describe how we estimate the new interference sequences s
I
2
and s
J
2
in this chapter.
Although s
F
1
does not appear in (6.55) and does not cause interferences,
it helps us to estimate other subsequences that may cause interferences. So we
estimate this subsequence rst. Similar to Chapter 6.1, we dene the following
received signals
y
C
i

= [y
2k
i
(m), + 1 m +
cp
] =
_

2
s
C
1
h
k
i,1
+
_

2
s
C
2
h
k
i,2
+w
C
i
y
F
i

= [y
2k+1
i
(m), N
cp
m N 1]
=
_

2
s
F
1
h
k
i,1
+
_

2
s
F
2
h
k
i,2
+w
F
i
(6.56)
Using (6.43) and (6.50), (6.56) can be expanded to systems of equations (6.18) for
+1 m +
cp
. By solving (6.18), for +1 m +
cp
, we can have estimated
samples s
k
1
(m) and s
k
2
(m) as (6.19), and a sequence s
F
1
as an estimation of s
F
1
is
s
F
1
= [( s
k
2
(
cp
m))

, 0 m
cp
1]. (6.57)
Since CP sequence s
D
1
is exactly the repetition of s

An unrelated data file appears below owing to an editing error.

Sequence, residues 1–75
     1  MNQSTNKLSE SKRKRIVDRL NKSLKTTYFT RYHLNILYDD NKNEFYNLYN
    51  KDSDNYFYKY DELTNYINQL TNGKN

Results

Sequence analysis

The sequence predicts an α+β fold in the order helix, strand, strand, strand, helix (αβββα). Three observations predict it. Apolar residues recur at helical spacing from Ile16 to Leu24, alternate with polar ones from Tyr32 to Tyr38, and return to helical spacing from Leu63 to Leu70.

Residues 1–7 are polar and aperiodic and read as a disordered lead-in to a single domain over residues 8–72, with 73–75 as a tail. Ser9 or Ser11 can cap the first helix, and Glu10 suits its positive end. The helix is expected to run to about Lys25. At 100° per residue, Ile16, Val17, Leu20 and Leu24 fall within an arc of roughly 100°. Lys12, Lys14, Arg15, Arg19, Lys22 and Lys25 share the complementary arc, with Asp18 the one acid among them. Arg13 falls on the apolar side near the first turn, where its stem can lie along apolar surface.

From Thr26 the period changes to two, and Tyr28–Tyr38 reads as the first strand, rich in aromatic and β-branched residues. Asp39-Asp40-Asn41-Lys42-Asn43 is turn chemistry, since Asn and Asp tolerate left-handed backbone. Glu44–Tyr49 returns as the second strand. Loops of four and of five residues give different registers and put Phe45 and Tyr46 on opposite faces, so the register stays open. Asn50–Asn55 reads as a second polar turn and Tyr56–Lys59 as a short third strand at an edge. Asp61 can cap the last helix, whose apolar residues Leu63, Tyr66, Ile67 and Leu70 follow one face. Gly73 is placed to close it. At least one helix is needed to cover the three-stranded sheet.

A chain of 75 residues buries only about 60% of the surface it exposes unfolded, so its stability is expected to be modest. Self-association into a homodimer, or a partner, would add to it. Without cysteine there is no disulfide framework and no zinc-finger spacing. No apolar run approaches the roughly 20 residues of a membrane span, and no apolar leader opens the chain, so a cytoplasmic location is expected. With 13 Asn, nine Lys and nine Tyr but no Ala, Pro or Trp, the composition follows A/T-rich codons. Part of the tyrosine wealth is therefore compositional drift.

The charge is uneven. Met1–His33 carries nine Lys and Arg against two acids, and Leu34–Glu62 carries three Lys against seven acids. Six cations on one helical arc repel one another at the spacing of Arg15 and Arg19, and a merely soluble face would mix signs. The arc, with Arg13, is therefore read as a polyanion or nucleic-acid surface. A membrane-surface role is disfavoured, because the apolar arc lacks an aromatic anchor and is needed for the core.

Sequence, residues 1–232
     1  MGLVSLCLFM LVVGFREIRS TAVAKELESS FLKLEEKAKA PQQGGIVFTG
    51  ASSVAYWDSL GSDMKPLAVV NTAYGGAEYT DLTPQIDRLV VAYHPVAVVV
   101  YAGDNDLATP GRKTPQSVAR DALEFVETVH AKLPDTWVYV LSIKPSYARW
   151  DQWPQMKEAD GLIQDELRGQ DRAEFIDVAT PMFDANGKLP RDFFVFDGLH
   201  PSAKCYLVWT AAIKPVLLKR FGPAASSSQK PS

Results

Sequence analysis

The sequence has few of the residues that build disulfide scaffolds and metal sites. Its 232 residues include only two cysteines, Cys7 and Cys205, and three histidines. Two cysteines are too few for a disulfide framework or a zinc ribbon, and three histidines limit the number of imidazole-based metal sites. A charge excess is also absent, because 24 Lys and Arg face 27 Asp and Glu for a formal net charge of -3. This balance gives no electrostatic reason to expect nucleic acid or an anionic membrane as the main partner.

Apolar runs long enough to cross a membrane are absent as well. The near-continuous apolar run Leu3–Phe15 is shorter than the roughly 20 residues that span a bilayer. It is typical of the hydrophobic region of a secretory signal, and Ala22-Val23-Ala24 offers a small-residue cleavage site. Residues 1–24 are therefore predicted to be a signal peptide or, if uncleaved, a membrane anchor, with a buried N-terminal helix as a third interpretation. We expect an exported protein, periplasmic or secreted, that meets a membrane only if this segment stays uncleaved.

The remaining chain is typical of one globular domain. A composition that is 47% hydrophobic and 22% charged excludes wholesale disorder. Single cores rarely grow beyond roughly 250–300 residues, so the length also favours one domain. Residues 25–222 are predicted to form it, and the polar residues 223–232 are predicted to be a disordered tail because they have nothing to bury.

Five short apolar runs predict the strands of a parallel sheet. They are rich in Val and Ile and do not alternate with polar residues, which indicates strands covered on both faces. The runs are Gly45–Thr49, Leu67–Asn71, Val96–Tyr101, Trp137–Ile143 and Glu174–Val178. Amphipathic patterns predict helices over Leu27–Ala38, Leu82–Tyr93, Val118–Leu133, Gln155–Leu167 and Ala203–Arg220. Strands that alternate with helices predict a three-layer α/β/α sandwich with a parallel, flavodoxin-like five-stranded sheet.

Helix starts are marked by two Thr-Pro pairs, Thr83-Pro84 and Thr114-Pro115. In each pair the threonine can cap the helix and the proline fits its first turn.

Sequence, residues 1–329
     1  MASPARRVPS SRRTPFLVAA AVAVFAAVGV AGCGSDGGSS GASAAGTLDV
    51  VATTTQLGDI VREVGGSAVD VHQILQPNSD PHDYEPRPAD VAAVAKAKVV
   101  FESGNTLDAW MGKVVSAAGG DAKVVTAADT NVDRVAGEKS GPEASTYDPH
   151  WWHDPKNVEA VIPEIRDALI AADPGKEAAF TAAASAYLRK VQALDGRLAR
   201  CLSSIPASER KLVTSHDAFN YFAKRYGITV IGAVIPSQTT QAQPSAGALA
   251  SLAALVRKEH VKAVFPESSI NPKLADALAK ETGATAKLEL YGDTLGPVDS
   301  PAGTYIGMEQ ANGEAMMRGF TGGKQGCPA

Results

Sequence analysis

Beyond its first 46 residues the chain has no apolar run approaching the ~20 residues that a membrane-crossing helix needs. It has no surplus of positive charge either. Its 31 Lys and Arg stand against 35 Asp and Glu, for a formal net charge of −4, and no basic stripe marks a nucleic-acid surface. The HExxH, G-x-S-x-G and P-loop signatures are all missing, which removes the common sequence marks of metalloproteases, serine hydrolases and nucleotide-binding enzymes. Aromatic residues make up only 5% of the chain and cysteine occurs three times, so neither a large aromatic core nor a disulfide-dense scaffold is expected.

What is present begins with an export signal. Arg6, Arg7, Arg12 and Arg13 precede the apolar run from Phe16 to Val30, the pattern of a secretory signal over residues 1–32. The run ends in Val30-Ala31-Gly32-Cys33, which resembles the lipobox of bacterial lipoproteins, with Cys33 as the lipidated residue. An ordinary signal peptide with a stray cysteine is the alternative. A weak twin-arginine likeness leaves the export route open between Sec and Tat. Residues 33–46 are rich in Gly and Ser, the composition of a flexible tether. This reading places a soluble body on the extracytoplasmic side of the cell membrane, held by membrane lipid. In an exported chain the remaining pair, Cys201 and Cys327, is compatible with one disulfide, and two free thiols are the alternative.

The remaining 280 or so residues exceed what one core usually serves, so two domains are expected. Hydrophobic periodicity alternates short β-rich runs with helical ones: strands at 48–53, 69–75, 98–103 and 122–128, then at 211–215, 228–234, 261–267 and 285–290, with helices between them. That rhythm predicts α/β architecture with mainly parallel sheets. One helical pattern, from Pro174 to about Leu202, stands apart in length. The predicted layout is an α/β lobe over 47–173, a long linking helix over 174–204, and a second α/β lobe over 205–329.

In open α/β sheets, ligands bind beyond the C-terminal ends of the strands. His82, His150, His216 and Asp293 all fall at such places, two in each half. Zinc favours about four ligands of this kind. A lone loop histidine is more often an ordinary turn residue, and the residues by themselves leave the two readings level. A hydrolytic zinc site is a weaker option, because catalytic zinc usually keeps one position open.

F
1
, s
F
1
is also an estimation for
s
D
1
.
85
We denote the received sequence during the CP period as
y
D
i

=
_

2
s
D
1
h
k
i,1
+
_

2
s
D
2
h
k
i,2
+w
D
i
. (6.58)
From (6.58), if we have s
F
1
as estimation of s
D
1
, the sequence s
D
2
can be estimated
by subtracting s
F
1
from the received signals as
s
D
2
=
_
2

y
D
i
s
F
1
h
k
i,1
h
k
i,2
. (6.59)
Next, we estimate two important subsequences s
I
2
and s
E
2
. At the receiver,
corresponding received sequence is
y
IE
i

= [y
2k+1
i
(m), 1 m 1]
=
_

2
[s
I
1
, s
E
1
]h
k
i,1
+
_

2
[s
I
2
, s
E
2
]h
k
i,2
+w
IE
i
. (6.60)
Using (6.53), (6.49), (6.41), and (6.48), equation (6.60) can be expanded to systems
of equations (6.24) for 1 m

2
|. By solving these equations, we can get
estimations s